The city was united in grief when the funeral of an off-duty police officer killed in the Manchester terror attack took place at Chester Cathedral.
DC Elaine McIver, 43, of Frodsham, was laid to rest in a poignant service.
Those inside the cathedral were moved by spontaneous applause from the crowds of people who came to pay their respects outside.
In other news, controversial plans for the future of parking in Chester were rubber stamped by the council – spelling the end for the Free After 3 scheme.
Carl Critchlow, manager of business group CH1ChesterBID, led opposition to proposals, saying they would be a “hammer blow” to Chester.
Traders at Chester Market and the Forum shopping centre also spoke out, explaining how business was already struggling as a result of the old Princess Street bus station being replaced by a new interchange at Gorse Stacks – deterring some shoppers.
Meanwhile, a dead calf preserved in formaldehyde formed the striking centrepiece of a modern art exhibition at Chester Cathedral. Damien Hirst’s False Idol was one of the big talking points at the Ark Exhibition, which included 90 works by 50 renowned artists.
Chester Castle was reopened thanks to a campaign spearheaded by City of Chester MP Chris Matheson, who said he’d had to “knock a few heads together” to make it happen.
It formed the focal point for a major Pokemon Go! event which brought hundreds of Pokemon players to the city.
Chester was awash with all the colours of a rainbow as hundreds descended on the city for the annual Pride festival.
The event, celebrating diversity and the LGBT+ community, was held in Castle Square and there was music from acts including B*Witched, Sonia and Saffron from Republica.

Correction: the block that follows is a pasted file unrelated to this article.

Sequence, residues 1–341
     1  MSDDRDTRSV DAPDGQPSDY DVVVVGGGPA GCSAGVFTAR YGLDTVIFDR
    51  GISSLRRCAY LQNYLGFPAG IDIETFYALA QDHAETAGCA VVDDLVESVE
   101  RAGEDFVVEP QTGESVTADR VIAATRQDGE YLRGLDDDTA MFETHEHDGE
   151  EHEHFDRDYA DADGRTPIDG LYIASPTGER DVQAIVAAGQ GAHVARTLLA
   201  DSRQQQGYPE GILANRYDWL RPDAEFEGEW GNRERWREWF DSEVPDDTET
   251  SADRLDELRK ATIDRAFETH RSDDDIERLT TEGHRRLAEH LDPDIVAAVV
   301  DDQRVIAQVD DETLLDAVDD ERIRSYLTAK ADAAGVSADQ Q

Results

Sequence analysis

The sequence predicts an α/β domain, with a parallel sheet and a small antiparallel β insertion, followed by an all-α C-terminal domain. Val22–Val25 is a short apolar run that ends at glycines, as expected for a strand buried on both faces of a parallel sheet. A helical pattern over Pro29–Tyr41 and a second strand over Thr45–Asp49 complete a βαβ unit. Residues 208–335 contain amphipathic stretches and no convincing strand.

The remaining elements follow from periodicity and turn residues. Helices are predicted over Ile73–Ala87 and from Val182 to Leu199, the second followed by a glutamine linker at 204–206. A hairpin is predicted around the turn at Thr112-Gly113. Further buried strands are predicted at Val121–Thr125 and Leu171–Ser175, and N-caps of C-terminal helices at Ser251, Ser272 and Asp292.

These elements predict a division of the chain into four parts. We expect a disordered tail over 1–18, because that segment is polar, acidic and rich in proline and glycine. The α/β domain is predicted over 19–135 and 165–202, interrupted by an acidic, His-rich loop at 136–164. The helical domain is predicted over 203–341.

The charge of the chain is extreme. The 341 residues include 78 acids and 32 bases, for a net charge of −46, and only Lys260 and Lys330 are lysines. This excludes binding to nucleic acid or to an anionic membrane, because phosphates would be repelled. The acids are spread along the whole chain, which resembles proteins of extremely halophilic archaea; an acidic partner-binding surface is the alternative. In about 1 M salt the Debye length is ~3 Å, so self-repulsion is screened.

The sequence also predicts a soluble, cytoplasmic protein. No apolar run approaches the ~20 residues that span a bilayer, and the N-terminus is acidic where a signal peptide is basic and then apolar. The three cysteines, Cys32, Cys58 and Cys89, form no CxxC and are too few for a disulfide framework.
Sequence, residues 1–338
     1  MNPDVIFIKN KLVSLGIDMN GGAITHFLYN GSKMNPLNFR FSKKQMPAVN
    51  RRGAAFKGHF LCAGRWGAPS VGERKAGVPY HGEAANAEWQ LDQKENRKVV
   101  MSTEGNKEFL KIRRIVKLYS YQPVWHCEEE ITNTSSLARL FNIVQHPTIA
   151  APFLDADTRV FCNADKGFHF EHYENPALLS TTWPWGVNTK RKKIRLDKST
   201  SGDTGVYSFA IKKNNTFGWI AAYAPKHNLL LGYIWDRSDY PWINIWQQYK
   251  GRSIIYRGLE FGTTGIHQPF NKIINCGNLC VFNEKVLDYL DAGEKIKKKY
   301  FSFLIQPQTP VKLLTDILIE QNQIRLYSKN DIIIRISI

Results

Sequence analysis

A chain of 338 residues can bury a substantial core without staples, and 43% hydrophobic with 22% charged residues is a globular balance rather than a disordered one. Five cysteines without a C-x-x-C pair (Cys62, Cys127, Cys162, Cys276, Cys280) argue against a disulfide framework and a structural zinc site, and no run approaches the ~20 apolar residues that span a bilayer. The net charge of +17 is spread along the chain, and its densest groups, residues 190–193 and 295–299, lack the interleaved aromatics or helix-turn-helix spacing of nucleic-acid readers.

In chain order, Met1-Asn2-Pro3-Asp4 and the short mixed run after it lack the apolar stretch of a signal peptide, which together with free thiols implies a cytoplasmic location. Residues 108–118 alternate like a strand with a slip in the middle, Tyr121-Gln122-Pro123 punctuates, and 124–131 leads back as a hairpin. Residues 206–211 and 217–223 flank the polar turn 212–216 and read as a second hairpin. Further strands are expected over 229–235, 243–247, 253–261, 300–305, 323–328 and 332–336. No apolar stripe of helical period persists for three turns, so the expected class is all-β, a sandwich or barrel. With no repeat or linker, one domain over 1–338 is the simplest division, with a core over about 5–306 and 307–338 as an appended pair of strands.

There was shock at the news almost 800 drivers had been caught by an average speed camera on the border of Flintshire and Chester in the three months since its installation.
A Freedom of Information revealed the camera on the A548 Sealand Road had caught 796 motorists going beyond the 50mph speed limit.
Cllr Christine Jones said: “I knew it was a lot but that’s immense. It proves that the camera was needed.”
Budding stars of tomorrow queued up to earn a place on Britain’s Got Talent when the regional auditions came to Chester.
Entertainers of all ages and abilities descended on the Forum shopping centre, including performer Irene Pearce who brought her very own ‘backing group’ with her – a toy parrot named George.
August was also a big month for hundreds of schoolchildren across the city, as GCSE and A-level results were announced.
The month was marred by tragedy as a teenager died in a fall from a car park roof in Chester city centre.
Tom Hollman, 16, of Malpas, died from a head injury sustained after falling from the roof of the NCP Pepper Street car park. A JustGiving crowdfunding appeal was launched by a family friend to raise £3,500 for the teenager’s funeral costs.
There was frustration on the roads as issues with a sinkhole on the A41 Whitchurch Road rolled into a third month.
The hole, which opened up in July, required complex work but it spelled bad news for motorists using the busy route in and out of Chester every day.
“We are working hard to find a solution,” promised Cllr Karen Shore.
Former Cheshire West and Chester Council leader Mike Jones was cleared of any wrongdoing over the use of a council credit card. However, an internal review also concluded a total of £459.64 spent on alcohol was “not in the spirit” of expenses claims and should be paid back.
And it was the end of an era for The Disney store in Chester, which closed after a quarter of a century on the city high street.
Tributes were paid to an “inspirational” runner who died during the Chester Marathon.
Father-of-three Trevor Cording, 50, of Acton Bridge, Northwich, collapsed during the 16.3 mile metric version of the race and passed away at the Countess of Chester Hospital.
Describing him as “no ordinary bloke”, a spokesman for his club – Northwich RC – said he was both humble and extremely encouraging to his fellow runners.